This is the time of year when a food lovers thoughts turn to apples, potatoes, roast pork and gorgeous winter squashes. After all, Fall starts tomorrow and all the food magazines are publishing gorgeous spreads of food featuring hearty autumn fair. It's time to make rich stews and bake apple pies and snuggle up with your significant other in thick cable knit sweaters in front of a roaring fire.
If I tried snuggling in front of an roaring fire right now, I'd pass out from heatstroke. I live in Tennessee and while the temperatures have cooled down some, days in the low to mid 80s and evenings in the low to mid 60s don't exactly cry out for chili. In fact, right now is when our gardens tend to be producing the most. If our plants have survived the dog days of summer, the cooler temperatures are encouraging our tomatoes to actually set fruit. And the lack of high 90 degree heat actually encourages me to get back outside and reclaim the garden I gave up a few weeks ago. The peppers are full of blossoms and the second crop of cucumbers and squash I planted are starting to set fruit.
Even when the leaves have turned, it doesn't mean our gardens stop producing. I get tomatoes well into October and I've even heard tales of some crazy people (present company excluded of course) who have draped their tomatoes with plastic clamped together with large binder clamps and managed to keep their tomatoes going well into November.
The farmers markets are still full of summer produce. You can find everything from okra to watermelon. Peppers are still in abundance and the only thing that seems to be in scarce supply are cucumbers and summer tree fruits. Apples are available and sweet potatoes and winter squash are starting to appear. Jerry's got new cornmeal and sweet Fall broccoli will appear in a few weeks.
September is the month I really focus on getting a lot of foods preserved and put up for the coming winter. I don't have air conditioning in my kitchen and although I do have to attempt some canning in August, standing over a steaming kettle is not my favorite thing to do when it's blazing out. I end up freezing a lot of tomatoes whole and dealing with them when it's a little cooler.
My favorite way to use those tomatoes that are piling up in the freezer is in Roasted Tomato Sauce. It's a great way to take a mountain of produce and reduce it into a concentrated sauce that's my favorite pasta sauce in the whole world. I pressure can mine but it also freezes well. The long cooking concentrates the flavors and caramelizes all the wonderful sugars in this sauce. My husband has been known to can it himself because he says if I do it, I end up eating half of it before it's even canned.
Now if you'll excuse me, I've got to run Office Depot for some (cough, cough) office supplies. I hear the binder clips are on sale and everyone can always use more binder clips, right?
Roasted Tomato Sauce
First off - you need to understand that this recipe is very flexible. None of these quantities are set in stone. If you have tons of red peppers, use them! If you want a sauce with a lot of garlic flavor, add lots of extra garlic. You're also going to need to be flexible with time. If you start out with frozen tomatoes, it will obviously take longer. If I have a lot of tomatoes, as the sauce cooks down, I add in more frozen tomatoes to make more sauce. This slows down the cooking process as well.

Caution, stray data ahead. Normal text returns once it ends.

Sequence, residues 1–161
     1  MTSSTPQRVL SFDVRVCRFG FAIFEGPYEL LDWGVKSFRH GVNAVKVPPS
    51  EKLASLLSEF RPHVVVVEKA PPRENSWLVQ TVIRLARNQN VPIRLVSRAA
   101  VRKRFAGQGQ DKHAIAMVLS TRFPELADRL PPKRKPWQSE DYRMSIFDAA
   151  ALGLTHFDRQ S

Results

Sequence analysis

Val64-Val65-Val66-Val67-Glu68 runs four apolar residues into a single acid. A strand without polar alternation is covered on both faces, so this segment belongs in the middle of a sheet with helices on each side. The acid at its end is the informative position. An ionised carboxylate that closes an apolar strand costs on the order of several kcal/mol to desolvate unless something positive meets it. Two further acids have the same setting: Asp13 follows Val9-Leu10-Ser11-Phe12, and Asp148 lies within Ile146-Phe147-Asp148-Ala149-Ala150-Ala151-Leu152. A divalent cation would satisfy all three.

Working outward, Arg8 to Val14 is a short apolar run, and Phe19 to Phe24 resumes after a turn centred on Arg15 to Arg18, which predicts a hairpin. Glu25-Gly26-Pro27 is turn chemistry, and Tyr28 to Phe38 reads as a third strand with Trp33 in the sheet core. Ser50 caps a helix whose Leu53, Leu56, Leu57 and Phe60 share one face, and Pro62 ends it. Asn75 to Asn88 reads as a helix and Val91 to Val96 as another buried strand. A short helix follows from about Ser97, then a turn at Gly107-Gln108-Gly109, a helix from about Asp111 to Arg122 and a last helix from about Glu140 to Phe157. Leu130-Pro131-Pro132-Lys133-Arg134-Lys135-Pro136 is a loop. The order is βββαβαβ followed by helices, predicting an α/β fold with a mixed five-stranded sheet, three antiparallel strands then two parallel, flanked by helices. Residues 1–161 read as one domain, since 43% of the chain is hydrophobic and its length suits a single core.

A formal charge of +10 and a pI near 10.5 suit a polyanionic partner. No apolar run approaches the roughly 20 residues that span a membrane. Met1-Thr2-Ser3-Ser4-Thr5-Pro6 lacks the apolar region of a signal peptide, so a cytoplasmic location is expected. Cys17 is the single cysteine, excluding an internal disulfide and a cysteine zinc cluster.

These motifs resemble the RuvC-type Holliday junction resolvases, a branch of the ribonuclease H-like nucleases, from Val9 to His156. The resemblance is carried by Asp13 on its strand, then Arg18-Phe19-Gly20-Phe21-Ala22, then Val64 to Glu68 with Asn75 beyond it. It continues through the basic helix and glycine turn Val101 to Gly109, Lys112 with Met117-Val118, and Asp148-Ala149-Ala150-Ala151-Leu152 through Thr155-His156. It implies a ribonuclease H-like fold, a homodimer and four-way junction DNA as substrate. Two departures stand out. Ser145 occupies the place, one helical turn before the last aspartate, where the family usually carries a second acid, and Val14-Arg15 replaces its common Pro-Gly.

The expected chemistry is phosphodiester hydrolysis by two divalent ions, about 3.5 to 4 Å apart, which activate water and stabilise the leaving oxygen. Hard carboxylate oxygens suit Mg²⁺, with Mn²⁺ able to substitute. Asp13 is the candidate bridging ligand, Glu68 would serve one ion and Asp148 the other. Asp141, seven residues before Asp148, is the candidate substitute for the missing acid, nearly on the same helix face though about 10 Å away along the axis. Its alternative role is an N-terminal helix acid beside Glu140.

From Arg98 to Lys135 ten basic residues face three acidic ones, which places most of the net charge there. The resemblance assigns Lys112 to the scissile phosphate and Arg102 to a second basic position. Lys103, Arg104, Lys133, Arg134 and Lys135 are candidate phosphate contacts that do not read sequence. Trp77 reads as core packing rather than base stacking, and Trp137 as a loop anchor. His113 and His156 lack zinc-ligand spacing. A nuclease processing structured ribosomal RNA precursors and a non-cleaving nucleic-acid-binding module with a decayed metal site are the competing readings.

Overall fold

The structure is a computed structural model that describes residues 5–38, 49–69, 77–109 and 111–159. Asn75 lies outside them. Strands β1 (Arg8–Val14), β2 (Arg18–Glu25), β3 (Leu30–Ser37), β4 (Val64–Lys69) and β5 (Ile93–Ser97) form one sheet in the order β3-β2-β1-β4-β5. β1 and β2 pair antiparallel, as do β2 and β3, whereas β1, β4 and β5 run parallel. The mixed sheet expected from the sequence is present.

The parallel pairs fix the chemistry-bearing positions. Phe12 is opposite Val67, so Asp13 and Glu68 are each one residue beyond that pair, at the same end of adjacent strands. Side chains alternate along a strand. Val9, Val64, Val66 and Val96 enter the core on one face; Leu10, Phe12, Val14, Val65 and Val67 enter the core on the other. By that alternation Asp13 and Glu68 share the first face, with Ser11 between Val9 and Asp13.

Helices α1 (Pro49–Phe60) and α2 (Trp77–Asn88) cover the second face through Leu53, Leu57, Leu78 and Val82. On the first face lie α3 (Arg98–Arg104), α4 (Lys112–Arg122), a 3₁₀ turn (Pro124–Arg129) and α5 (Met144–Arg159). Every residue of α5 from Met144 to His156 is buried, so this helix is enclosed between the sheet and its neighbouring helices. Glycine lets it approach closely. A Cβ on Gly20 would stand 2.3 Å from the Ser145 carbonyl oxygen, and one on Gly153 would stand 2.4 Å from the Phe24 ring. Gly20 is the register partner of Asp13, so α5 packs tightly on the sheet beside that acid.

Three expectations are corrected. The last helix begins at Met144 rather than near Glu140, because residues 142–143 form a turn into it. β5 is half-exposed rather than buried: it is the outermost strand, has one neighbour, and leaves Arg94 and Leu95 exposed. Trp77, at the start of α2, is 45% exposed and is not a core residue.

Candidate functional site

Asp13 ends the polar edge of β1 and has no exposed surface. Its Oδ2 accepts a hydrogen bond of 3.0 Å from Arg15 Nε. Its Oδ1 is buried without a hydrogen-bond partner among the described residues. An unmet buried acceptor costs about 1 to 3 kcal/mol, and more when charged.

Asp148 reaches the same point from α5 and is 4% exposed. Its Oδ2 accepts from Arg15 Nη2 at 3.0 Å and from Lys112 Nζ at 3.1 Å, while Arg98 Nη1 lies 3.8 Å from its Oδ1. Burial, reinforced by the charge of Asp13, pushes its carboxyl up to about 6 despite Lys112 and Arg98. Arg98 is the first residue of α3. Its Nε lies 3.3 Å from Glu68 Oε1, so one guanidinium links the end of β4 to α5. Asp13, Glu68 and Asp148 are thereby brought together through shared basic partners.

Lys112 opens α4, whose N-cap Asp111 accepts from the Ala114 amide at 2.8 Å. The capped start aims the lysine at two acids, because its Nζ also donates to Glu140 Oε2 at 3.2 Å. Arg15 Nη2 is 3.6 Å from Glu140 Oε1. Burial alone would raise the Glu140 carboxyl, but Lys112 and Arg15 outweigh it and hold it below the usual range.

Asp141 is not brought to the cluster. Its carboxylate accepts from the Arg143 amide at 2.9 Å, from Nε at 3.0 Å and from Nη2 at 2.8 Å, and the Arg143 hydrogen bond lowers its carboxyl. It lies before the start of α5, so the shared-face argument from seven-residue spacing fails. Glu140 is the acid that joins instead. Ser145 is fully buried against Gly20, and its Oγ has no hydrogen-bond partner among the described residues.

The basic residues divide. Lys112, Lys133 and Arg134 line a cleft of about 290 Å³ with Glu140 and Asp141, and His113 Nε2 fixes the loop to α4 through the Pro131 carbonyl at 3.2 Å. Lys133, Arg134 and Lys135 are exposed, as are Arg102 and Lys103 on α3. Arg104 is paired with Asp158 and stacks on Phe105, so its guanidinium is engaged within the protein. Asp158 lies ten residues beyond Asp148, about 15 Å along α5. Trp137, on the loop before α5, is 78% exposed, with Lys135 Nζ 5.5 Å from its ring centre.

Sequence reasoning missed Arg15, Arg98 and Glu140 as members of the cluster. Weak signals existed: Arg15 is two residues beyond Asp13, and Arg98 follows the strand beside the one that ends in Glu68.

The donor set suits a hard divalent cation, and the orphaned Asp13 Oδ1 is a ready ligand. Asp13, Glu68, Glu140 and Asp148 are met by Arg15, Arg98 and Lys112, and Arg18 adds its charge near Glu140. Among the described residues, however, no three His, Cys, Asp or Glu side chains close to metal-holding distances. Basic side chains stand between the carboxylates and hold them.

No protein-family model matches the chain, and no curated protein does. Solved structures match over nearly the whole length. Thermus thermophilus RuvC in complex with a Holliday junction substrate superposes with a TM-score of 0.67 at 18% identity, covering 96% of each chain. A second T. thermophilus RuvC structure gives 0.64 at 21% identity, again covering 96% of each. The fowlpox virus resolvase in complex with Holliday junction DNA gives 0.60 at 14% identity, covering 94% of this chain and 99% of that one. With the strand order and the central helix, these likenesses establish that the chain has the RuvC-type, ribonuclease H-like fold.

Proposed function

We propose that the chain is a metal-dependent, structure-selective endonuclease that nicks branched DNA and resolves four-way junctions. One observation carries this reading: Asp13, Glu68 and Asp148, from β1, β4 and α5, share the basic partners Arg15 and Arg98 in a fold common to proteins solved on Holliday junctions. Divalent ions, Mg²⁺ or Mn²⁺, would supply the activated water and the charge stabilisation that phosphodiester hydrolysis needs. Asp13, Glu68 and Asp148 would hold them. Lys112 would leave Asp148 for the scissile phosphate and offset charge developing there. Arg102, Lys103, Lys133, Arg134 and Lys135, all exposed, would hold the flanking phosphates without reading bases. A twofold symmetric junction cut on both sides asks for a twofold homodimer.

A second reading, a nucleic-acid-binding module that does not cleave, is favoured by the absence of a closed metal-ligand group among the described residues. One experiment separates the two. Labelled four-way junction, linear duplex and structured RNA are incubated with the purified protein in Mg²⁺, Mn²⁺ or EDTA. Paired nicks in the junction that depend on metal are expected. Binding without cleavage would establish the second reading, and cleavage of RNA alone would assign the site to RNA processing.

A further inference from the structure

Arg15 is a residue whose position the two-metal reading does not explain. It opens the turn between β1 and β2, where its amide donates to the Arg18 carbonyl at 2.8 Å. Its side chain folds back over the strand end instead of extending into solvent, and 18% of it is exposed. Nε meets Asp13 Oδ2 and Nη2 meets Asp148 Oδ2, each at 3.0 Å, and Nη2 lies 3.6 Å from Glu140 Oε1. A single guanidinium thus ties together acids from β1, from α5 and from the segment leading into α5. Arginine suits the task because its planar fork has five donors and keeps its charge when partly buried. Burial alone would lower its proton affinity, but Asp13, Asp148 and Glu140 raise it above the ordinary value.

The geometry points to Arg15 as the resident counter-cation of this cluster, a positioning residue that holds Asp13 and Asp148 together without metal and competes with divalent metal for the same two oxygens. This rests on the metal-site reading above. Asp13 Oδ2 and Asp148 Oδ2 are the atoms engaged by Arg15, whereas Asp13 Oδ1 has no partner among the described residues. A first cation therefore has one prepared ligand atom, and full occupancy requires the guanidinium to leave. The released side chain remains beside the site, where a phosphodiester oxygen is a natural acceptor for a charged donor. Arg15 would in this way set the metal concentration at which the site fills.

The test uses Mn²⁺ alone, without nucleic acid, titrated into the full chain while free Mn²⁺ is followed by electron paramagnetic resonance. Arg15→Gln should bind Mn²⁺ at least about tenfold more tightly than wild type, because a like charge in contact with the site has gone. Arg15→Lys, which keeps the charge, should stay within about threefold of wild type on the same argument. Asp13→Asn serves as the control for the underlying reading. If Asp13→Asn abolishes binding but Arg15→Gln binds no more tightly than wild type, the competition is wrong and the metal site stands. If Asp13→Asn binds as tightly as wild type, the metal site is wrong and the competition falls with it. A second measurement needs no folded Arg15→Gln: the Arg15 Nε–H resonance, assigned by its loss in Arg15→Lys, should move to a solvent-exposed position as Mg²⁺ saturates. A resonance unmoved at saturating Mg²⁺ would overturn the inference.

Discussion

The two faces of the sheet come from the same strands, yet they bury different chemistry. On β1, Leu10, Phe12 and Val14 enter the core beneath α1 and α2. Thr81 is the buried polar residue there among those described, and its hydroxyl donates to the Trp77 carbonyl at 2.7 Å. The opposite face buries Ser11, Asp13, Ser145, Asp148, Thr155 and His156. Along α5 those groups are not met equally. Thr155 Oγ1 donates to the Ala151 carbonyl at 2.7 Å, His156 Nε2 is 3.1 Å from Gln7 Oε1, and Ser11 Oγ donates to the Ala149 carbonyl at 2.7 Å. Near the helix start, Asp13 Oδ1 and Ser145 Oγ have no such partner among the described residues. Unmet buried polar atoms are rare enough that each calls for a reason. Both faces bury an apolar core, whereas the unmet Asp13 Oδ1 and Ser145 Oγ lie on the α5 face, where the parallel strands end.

Heat your oven to 425 degrees. I take a large baking or roasting pan and fill it full of tomatoes. Some of these are fresh and some of them are tomatoes that I threw in the freezer to deal with later. I added three onions that were peeled and quartered, a few sweet red peppers that I seeded and cut in half, four Big Bomb hot peppers that were seeded and approximately 25 cloves of garlic - separate the cloves but you don't need to peel these. Then drizzle on 1/4 cup of olive oil. Put it in the oven.
This batch contained 10 pounds of tomatoes:
As you can see, the skins are getting very brown. Keep stirring every 30 minutes. This sauce is going to reduce quite a bit. Those ten pounds of tomatoes and other vegetables ended up reducing to about five cups once it's been pureed. When it's done, it will look like this:
As you can see, there's very little juice in the bottom of the pan. I cooked the above pan of sauce for 4 1/2 hours. Let the pan cool for about 30 minutes or until you can handle it without burning yourself. You want to put it all through a food mill on the finest setting. This will take all the seeds and skins out of your sauce and puree all the vegetables together. Once you've put it through the food mill, make sure to stir the sauce thoroughly. If you don't have a food mill, you could use a fine sieve and press it through.
The sauce you've just made is very concentrated. For two servings of pasta, we usually use around a 1/4 cup of sauce, diluted with pasta water.
Now that you have this stuff, what do you do with it?
- Toss with pasta and some of the pasta water to thin it out a bit and serve.
- Saute some eggplant, red peppers and zucchini until done. Add sauce and thin with pasta water.
- Thin it out with a little bit of milk or cream.
- Thin it out with red wine and add some more herbs to it.
- Soak some diced, sun-dried tomatoes (I use ones I've marinated before drying) in a half cup of hot whole milk. Puree in the blender and add to roasted tomato sauce.
- Puree it with a little bit of canned tomato and use it as a pizza sauce. Or just thin with a little bit of water and use as a pizza sauce.
I pressure can my sauce in quarter pint jars. This is not a tested recipe so I don't recommend following my example but I follow the recipe for pressure canning meat sauce in the Ball Blue Book. This sauce cooks down so much that freezing is much simpler to do. I just tend to have stuffed freezers this time of year so I can it to save room.